By Matthew Davis
BBC News, Washington
A panel set up to mastermind the rebuilding of flood-ravaged New Orleans has begun unveiling its blueprint for the US city on Wednesday.
There is controversy over what to do with the most-damaged areas
The Bring New Orleans Back commission, created by Mayor Ray Nagin, spent three months assessing the city's future.
Over the next nine days it will outline plans to revamp key areas including health, education and infrastructure.
One of the most controversial topics will be what is done with the areas most heavily-damaged by the floods.
There was an outcry in December when a group appointed by the commission said that the city should concentrate the rebuilding effort on higher ground - deferring rebuilding of the worst-hit areas.
Some residents feared the Urban Land Institute's recommendations would create a blueprint that eliminated mostly black neighbourhoods.
The panel is likely to say residents should be allowed to return and rebuild anywhere they like, no matter how damaged or vulnerable the neighbourhood, according to reports quoting members of the commission.
The main author of the plan, Joseph Canizaro, says the commission will propose that the city should discourage homeowners from rebuilding in the hardest-hit areas, but will not forbid them from doing so.
Areas that fail to attract a critical mass of residents in 12 months will probably not survive as residential neighbourhoods, Mr Canizaro told the New York Times.
Only a fifth of New Orleans' population of half a million has returned since the mass evacuations in the wake of the 29 August hurricane and subsequent flooding of the city.
Most people are living in areas that did not suffer flood damage and where services have been restored, yet vast swathes of the city hit by deep flooding are still without power.
Community activists say that many homeowners remain stranded in other cities largely because of delays with federal emergency trailers and insurance payments.
'A better New Orleans'
There have also been complaints of forced evictions, unfairly high rents and that the local government has failed to reopen habitable public housing projects.
One community group is fighting a legal campaign to halt the wholesale demolition of thousands of storm-damaged houses.
Much of the federal money earmarked for rebuilding New Orleans is controlled by the Louisiana Recovery Authority - a state-wide organisation set up by Louisiana Governor Kathleen Blanco.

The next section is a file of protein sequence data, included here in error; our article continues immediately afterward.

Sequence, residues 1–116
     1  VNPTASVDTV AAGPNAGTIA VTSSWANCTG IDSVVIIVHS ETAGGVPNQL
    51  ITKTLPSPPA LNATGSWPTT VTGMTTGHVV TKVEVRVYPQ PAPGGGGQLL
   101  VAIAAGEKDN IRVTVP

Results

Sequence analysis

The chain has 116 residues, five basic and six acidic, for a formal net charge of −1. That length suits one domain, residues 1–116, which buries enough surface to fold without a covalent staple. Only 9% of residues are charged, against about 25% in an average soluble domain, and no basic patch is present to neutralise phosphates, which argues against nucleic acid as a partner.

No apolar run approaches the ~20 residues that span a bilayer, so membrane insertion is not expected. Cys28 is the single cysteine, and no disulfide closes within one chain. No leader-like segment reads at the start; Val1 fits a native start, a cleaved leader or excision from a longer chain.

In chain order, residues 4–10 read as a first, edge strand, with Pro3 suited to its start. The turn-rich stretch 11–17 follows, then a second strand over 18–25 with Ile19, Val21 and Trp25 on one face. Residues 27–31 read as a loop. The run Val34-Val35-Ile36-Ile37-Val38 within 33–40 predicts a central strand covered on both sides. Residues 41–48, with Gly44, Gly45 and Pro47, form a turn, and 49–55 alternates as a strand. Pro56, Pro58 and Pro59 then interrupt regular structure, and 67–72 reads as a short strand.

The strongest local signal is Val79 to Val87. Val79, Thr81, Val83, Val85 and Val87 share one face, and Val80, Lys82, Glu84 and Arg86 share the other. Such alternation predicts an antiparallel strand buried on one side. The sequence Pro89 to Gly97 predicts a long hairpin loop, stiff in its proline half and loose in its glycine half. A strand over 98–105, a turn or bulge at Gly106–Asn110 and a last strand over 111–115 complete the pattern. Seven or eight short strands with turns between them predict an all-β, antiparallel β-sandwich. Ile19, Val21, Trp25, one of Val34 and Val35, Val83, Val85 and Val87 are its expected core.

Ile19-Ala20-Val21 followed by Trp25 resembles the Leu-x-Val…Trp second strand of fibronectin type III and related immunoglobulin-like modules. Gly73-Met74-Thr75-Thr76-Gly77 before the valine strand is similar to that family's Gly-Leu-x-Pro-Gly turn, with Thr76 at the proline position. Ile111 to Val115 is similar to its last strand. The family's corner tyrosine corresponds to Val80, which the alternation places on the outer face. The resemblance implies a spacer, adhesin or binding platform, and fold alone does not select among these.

LRA executive director Andy Kopplin says the agency will favour plans that provide good returns on investments, at the same time as staying "true to the aspirations of local communities".
The BNOB commission will hear reports from committees in seven broad areas: urban planning, education, culture, health and social services, infrastructure, administrative/government effectiveness and economic development.
Commissioners will present the final master plan to New Orleans Mayor Ray Nagin on 20 January.
Upgrading flood protection is also a priority
Their recommendations are not binding, but will be based on the most comprehensive study of the options yet conducted.
Mel Legarde, co-chair of the Bring New Orleans Back commission, said: "My hope is for a better New Orleans, a better city, a city that is more robust than it was before.
"We have to keep the city intact culturally. We're not a typical American city. We want to preserve the best of New Orleans, and at the same time, improve those areas that were marginal."
Other ideas on the table include re-creating a long-gone jazz district, building a network of cycle paths and commuter rail lines, and establishing a better school system.
"This isn't about us asking for $1bn (£565m) to build three more Superdomes and five more airports," said Michael Arata, chairman of a subcommittee that looked at rebuilding the city's film and music industries.
"These are projects by real New Orleanians that will have real benefit and affect the lives of the people of New Orleans."
Meanwhile, the first carnival season since the hurricane officially began in New Orleans on Friday, despite objections from people who say it is too soon to throw a Mardi Gras party in the battered city.
Mayor Nagin said the decision to proceed with a shortened parade schedule, which culminates on Fat Tuesday on 28 February, would send a message that the city was unified in its determination to rebuild.